Dozens of people are feared dead in India after a Himalayan glacier broke apart and crashed into a hydroelectric dam, with people hurriedly being evacuated amid rising water levels on a nearby river.
“There was a cloud of dust as the water went by. The ground shook like an earthquake,” local inhabitant Om Agarwal told Indian TV.
Speaking to reporters at a press briefing in Dehra Dun, the capital of Uttarakhand state, Chief Minister Trivendra Singh Rawat said “seven bodies have been recovered from the site and rescue operations are going on”.
Om Prakash, Uttarakhand’s chief secretary, said earlier as many as 150 people were feared dead but “the actual number has not been confirmed yet”.
Most of the missing were workers at two power plants that were battered by the deluge, caused by a huge chunk of glacier that slipped off a mountainside further upstream, said Uttarakhand’s police chief Ashok Kumar.
“There were 50 workers at Rishi Ganga plant and we have no information about them. Some 150 workers were at Tapovan,” he added. “About 20 are trapped inside a tunnel. We are trying to reach the trapped workers.”
With the main road washed away, the tunnel was filled with mud and rocks and paramilitary rescuers had to climb down a hillside on ropes to get access to the entrance.
Hundreds of troops and paramilitaries along with military helicopters and other aircraft have been sent to the region.
Kumar also said authorities had evacuated other dams to contain the water rushing in from the flooded Alakananda river.
A witness said he saw a wall of dust, rocks and water as an avalanche roared down a river valley.
“It came very fast, there was no time to alert anyone,” Sanjay Singh Rana, who lives on the upper reaches of Raini village, told the Reuters news agency by phone. “I felt that even we would be swept away.”
Local authorities reported that districts including Pauri, Tehri, Rudraprayag, Haridwar and Dehradun were put on high alert.
The Times of India newspaper quoted Prime Minister Narendra Modi as saying he was monitoring the situation in Uttarakhand.
“India stands with Uttarakhand and the nation prays for everyone’s safety there. Have been continuously speaking to senior authorities and getting updates on … rescue work and relief operations,” said Modi.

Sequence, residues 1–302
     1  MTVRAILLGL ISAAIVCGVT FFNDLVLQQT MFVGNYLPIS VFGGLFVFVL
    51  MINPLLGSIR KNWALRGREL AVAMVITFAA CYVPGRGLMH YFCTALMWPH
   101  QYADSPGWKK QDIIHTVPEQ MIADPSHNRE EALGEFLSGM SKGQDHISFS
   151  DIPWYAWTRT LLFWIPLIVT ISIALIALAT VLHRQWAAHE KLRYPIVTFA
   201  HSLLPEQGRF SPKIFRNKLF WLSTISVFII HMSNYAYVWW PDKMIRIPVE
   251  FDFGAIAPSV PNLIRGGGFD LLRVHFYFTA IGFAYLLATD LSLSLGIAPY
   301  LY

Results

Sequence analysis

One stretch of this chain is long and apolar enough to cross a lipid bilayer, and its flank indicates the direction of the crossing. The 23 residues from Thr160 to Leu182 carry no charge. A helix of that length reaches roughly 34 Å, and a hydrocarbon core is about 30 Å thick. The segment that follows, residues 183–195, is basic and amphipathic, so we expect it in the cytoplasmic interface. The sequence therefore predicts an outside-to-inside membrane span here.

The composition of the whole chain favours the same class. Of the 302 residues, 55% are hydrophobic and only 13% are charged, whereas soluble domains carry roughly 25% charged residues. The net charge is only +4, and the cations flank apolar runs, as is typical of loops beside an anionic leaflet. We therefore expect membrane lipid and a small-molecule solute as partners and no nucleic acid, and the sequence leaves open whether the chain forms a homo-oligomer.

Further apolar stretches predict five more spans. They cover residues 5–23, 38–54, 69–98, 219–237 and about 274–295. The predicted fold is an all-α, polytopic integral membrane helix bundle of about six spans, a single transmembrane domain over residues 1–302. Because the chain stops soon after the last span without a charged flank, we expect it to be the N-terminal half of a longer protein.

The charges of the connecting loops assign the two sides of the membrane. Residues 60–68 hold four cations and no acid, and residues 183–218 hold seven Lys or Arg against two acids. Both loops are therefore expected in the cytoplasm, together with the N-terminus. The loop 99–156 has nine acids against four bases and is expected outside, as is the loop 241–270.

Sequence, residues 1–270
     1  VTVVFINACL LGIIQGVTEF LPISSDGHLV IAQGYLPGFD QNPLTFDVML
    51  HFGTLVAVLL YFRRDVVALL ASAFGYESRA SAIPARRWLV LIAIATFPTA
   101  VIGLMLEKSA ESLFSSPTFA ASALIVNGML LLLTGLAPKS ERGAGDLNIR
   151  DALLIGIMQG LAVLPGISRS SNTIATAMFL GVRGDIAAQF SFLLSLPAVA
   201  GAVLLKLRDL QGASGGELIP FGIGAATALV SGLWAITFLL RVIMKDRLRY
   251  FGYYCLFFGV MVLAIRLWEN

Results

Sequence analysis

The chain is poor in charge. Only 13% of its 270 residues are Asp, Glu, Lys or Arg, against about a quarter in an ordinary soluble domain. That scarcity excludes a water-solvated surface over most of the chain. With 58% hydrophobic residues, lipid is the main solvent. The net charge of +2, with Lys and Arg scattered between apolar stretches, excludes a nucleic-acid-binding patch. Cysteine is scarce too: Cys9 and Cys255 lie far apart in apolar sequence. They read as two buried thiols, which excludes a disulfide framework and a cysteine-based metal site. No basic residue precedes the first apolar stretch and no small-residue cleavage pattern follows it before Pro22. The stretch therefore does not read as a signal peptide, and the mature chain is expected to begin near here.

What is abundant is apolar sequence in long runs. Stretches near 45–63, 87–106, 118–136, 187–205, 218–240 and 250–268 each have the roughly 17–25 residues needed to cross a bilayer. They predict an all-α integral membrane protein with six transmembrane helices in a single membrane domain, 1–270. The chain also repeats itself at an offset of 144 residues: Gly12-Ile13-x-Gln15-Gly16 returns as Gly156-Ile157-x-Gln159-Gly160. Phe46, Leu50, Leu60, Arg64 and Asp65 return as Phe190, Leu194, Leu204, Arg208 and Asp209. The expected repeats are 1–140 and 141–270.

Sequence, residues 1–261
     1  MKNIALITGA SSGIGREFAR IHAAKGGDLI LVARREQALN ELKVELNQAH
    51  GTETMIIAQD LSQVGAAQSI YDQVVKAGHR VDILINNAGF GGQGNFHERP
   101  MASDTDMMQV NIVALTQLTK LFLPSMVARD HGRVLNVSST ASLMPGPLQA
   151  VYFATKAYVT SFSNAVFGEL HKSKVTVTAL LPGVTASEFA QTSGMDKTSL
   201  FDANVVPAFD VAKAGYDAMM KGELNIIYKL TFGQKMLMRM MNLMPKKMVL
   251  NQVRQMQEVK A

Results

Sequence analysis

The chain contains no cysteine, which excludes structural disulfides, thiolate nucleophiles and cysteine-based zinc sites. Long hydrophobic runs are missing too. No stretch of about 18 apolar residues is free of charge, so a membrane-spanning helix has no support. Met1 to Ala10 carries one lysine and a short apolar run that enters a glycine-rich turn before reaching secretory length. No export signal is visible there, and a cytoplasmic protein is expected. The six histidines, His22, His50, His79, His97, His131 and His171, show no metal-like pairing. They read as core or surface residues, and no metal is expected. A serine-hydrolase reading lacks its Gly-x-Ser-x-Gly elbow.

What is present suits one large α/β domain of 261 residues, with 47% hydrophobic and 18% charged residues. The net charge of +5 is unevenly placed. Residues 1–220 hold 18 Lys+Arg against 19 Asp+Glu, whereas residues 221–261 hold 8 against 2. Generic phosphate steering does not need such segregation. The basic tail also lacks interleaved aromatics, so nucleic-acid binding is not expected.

India’s air force was being readied to help with rescue operations, the federal government said, while Home Minister Amit Shah said disaster-response teams were being airlifted in to help with relief and rescue.
Soldiers have already been deployed and military helicopters were doing an aerial reconnaissance of the area.
‘Halt hydroelectric projects’
Uttarakhand in the Himalayas is prone to flash floods and landslides. In June 2013, record rainfall caused devastating floods that killed close to 6,000.
That disaster was dubbed the “Himalayan tsunami” because of the torrents of water unleashed in the mountainous area, which sent mud and rocks crashing down, burying homes, sweeping away buildings, roads and bridges.
Uma Bharti, India’s former water resources minister and a senior leader of Modi’s party, criticised the construction of a power project in the area.
“When I was a minister I had requested that Himalaya is a very sensitive place, so power projects should not be built on Ganga and its main tributaries,” she said on Twitter, referring to the main river that flows from the mountain.
Environmental experts called for a halt to big hydroelectric projects in the state.
“This disaster again calls for a serious scrutiny of the hydropower dams building spree in this eco-sensitive region,” said Ranjan Panda, a volunteer for the Combat Climate Change Network that works on water, environment and climate change issues.
“The government should no longer ignore warnings from experts and stop building hydropower projects and extensive highway networks in this fragile ecosystem.”
Source : AL JAZEERA AND NEWS AGENCIES